Acknowledgments
Supported by grants from the National Institute for Health Research Biomedical Research Centre at Moorfields Eye Hospital National Health Service Foundation Trust and UCL Institute of Ophthalmology, Retina UK, Onassis Foundation, Leventis Foundation, Moorfields Eye Hospital Special Trustees, and Moorfields Eye Charity (R180004A), The Wellcome Trust (099173/Z/12/Z), Research to Prevent Blindness Departmental Challenge Award (Stanford), and the Foundation Fighting Blindness (USA). Research reported in this publication was supported in part by the National Eye Institute of the National Institutes of Health under Award Number R01 EY017607, P30 EY026877, U01 EY025477, R01 EY028287, and R01 EY025231. The content is solely the responsibility of the authors and does not necessarily represent the official views of the National Institutes of Health. 
MG drafted the manuscript. MG, NS, TK, NH, ARG, and AK collected and analyzed data. MM, ARW, AD, and JC conceived, supervised, and revised the manuscript. All authors provided critical revision of the manuscript. 
Disclosure: M. Georgiou, None; N. Singh, None; T. Kane, None; A.G. Robson, None; A. Kalitzeos, None; N. Hirji, None; A.R. Webster, None; A. Dubra, None; J. Carroll, MeiraGTx (F, C), Applied Genetic Technologies Corporation (F), and Optovue Inc. (F), Translational Imaging Innovations (I); M. Michaelides, MeiraGTx (C) 
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Figure 1.
 
Spectral domain optical coherence tomography (SD-OCT) in cases with continuous ellipsoid zone (EZ). Longitudinal transfoveal OCT line scans for both eyes are presented for patients P1, P2, P3, P4, P7, and P9. Patient P5 had imaging data only for the left eye. For the young siblings, patients P2 and P3, vertical scans are presented; because horizontal transfoveal scans could not be obtained due to strong nystagmus. For the rest of the patients, scans are horizontally orientated to the fovea. No evidence of progression was present in any of the patients. EZ appears continuous and thickened with increased reflectivity. A transfoveal OCT scan of a healthy subject is provided for comparison. R, right eye; L, left eye; yo, years old; y, years.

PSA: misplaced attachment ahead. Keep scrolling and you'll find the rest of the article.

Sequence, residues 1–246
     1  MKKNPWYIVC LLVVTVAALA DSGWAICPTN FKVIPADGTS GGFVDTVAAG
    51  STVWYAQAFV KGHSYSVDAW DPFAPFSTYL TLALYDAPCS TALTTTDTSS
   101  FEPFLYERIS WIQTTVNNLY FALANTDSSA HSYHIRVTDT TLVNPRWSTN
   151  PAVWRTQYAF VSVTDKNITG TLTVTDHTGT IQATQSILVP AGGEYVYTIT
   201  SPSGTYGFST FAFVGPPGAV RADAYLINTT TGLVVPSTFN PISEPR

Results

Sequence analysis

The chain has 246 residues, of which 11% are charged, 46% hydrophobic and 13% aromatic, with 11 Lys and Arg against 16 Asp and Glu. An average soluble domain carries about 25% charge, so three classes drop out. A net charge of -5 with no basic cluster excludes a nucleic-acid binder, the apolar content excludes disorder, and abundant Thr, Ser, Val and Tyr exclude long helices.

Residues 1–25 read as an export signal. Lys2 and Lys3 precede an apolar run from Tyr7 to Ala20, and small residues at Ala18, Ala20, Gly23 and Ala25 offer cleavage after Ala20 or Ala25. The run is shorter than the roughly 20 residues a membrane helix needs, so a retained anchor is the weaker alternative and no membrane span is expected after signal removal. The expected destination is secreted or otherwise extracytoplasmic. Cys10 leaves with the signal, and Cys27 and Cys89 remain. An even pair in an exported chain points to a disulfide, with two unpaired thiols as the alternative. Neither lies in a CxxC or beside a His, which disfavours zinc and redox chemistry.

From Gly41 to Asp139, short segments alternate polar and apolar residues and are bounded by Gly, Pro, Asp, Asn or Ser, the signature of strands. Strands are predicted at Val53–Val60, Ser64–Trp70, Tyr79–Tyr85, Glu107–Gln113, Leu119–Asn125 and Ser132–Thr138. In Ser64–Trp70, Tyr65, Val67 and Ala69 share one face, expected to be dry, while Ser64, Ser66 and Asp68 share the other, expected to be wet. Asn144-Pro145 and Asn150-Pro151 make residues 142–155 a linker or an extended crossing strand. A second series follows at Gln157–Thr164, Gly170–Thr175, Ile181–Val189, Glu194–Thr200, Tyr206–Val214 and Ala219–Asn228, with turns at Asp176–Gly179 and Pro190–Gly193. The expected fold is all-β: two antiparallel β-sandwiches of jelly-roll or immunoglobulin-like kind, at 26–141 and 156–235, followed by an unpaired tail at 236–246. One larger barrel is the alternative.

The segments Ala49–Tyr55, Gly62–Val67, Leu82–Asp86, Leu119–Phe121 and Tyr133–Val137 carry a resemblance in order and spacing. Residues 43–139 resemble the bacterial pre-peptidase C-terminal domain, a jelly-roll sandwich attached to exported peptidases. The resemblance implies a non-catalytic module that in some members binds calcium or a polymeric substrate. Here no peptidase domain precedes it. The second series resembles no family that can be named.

Figure 1.
 
Spectral domain optical coherence tomography (SD-OCT) in cases with continuous ellipsoid zone (EZ). Longitudinal transfoveal OCT line scans for both eyes are presented for patients P1, P2, P3, P4, P7, and P9. Patient P5 had imaging data only for the left eye. For the young siblings, patients P2 and P3, vertical scans are presented; because horizontal transfoveal scans could not be obtained due to strong nystagmus. For the rest of the patients, scans are horizontally orientated to the fovea. No evidence of progression was present in any of the patients. EZ appears continuous and thickened with increased reflectivity. A transfoveal OCT scan of a healthy subject is provided for comparison. R, right eye; L, left eye; yo, years old; y, years.